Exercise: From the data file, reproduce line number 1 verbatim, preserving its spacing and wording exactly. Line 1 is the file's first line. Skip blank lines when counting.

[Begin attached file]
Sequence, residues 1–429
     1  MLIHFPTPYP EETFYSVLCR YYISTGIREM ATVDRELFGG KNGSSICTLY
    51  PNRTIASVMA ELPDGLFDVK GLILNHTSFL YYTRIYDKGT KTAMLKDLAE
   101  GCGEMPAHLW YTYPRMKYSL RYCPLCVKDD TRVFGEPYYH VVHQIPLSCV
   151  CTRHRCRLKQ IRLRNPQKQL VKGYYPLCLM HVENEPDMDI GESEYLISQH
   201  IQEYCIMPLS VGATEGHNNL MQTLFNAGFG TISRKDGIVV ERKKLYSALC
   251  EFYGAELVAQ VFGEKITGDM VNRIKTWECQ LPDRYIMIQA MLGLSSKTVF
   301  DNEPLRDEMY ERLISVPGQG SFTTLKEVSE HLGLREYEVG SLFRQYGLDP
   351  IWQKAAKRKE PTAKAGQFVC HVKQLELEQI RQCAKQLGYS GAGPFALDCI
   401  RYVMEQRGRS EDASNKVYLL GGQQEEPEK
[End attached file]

Sequence, residues 1–429